The problem with personalized learning is that it's, well personal. It's an approach not easily described because it is, by its very nature, impervious to simplified labels.
At its heart, personalized learning acknowledges that every student comes equipped with a natural, inexorable urge to learn and explore. All you need to do is observe children deep-diving into their latest obsessions to see what they are capable of when the act of learning is presented on their terms.
Today's students are already harnessing emerging technologies to explore their myriad interests outside of the classroom, and they expect the same fluid and self-empowering experiences in their academic lives to drive their own educational destinies.
But what does it mean on a day-to-day basis when teachers work with students to develop personalized learning experiences? The hypothetical example below follows Heather, a middle school science teacher who uses technology to create personalized and engaging lessons, and Kevin, a tech-savvy 12-year-old, through what their typical day might look like.
Before heading to school, Heather performs a final check-in from home. She reviews a few last-minute updates from students, puts the finishing touches on her genetics video before posting, and returns emails from her principal and other staff members. She also scans her lesson plans for the day to make sure she has everything ready.
Kevin wakes up and — after checking his smartphone — notes that he needs to touch base with his friend Chris in science class about their genetics experiment.
Heather completes her final preparations for class, including modifying a Google Slides presentation that she will share later.
Before catching the bus, Kevin watches his teacher's genetics video. He's a little confused, so he stops in the middle and starts over again. He's still not sure he understands, so he pastes the URL of a website recommended by his teacher into his phone's Evernote app for later perusal.
During Heather's first-period class, students watch her presentation and then work in groups to complete a shared Google Docs file. She has Chromebooks for most of her students, and the rest use Android tablets.
Kevin's math teacher has flipped his classroom, so the students are working in small groups on a project illustrating non-linear functions. They have decided to create an animated presentation and have set up their project plan in Google Tasks. Because Kevin is good with technology, he is responsible for developing the presentation based on the group's script.
Heather spends her prep period in the teacher's lounge, grading student work and researching for future lesson plans.
In social studies, Kevin participates in a small-group discussion on current events. He was responsible for reading the news that day and developing some good discussion questions for his group. They summarize their thoughts in an online document, then read and respond to the discussions other groups have posted.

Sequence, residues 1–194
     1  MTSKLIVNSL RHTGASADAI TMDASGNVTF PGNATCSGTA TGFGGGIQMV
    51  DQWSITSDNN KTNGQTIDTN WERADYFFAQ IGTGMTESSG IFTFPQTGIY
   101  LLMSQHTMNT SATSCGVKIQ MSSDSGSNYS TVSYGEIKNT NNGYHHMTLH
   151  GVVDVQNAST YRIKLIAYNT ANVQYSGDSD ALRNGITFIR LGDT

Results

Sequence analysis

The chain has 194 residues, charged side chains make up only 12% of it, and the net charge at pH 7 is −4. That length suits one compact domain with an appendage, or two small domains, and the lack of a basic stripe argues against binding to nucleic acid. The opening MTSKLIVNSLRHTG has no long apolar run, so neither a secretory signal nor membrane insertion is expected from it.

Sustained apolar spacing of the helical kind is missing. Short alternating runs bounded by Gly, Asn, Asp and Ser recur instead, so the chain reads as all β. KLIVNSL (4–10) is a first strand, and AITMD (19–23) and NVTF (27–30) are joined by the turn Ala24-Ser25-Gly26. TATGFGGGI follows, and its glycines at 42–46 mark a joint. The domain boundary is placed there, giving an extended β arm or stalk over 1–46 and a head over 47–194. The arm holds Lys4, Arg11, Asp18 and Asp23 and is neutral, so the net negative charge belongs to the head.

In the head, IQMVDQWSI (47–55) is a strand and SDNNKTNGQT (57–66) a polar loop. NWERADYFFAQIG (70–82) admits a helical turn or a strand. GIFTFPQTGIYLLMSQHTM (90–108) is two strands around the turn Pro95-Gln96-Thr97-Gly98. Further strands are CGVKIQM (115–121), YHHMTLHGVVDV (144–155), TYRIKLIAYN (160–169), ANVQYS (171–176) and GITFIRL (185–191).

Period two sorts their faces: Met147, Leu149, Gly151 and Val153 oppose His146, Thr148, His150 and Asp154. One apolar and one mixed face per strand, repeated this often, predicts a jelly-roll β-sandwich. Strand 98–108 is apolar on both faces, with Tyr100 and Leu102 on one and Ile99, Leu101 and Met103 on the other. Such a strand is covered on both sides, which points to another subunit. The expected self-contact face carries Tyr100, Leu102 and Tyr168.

During third period, Heather's science class conducts a videoconference with a local expert on genetically modified organisms. Kevin and his classmates have been researching the topic and have prepared questions they would like the expert to answer.
After grabbing a bite at the local deli, Heather has a quick virtual conference with a parent of one of her students. Concerned that the student is falling behind, she reviews the student's latest work on Google Drive with the parent to determine a plan of action. Meanwhile, Kevin checks his phone for messages and is reminded that he needs to talk to Chris about their science project, so he texts him a request to meet in the lunchroom. They text the rest of their group for an impromptu meeting to set up a time to work on their project.
For English class, Kevin picks up reading A Wrinkle in Time on his phone from where he left off last night on his tablet. As directed by his teacher, Kevin inserts questions and predictions into the e-reader to use later when his group develops their project about the book.
Rather than lecturing at the front of the class, Heather moves from group to group as she teaches. She carries a lightweight tablet from desk to desk, interacting with her students and showing examples to help them better grasp concepts.
After school, Kevin attends a science club meeting to help plan an activity for next month. They use SurveyMonkey to create an online survey and send it out to all club members to find out what they would like to do.
Heather bookmarks the websites and other documents her students will need for the next day. At home, Heather's students can access their work through Google Docs and complete any homework.
After school ends, Heather stops by Starbucks, where she takes a few minutes to hop online and respond to student emails, do a bit of lesson planning and email a few parents.
Before dinner, Kevin spends some time playing Minecraft and is inspired to create and post a short video explaining how to overcome a common obstacle.
After dinner, Kevin checks out a tutorial on functions and, feeling like he understands the concept a little better now, works for a while on the math project.
Before heading off to bed, Heather finishes her day by relaxing on the couch watching TV and participating in a Twitter #edchat. She also explores some new tools to use in class.
Students were born to learn. By providing as many choices and chances to learn as possible — aligned with their unique abilities and interests — personalized learning allows students to yoke their inherent penchant for absorbing information to academic standards.
Dale Basye is the author of Personalized Learning: A Guide for Engaging Students with Technology. Connect with him on Twitter via @Go2Heck.